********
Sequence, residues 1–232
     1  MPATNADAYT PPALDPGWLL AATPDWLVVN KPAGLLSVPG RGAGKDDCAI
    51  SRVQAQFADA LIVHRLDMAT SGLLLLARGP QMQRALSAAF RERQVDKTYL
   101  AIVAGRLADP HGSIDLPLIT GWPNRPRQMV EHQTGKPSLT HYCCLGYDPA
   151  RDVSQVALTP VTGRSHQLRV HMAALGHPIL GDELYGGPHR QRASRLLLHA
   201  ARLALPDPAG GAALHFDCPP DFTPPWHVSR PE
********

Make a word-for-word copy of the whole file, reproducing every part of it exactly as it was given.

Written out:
Sequence, residues 1–232
     1  MPATNADAYT PPALDPGWLL AATPDWLVVN KPAGLLSVPG RGAGKDDCAI
    51  SRVQAQFADA LIVHRLDMAT SGLLLLARGP QMQRALSAAF RERQVDKTYL
   101  AIVAGRLADP HGSIDLPLIT GWPNRPRQMV EHQTGKPSLT HYCCLGYDPA
   151  RDVSQVALTP VTGRSHQLRV HMAALGHPIL GDELYGGPHR QRASRLLLHA
   201  ARLALPDPAG GAALHFDCPP DFTPPWHVSR PE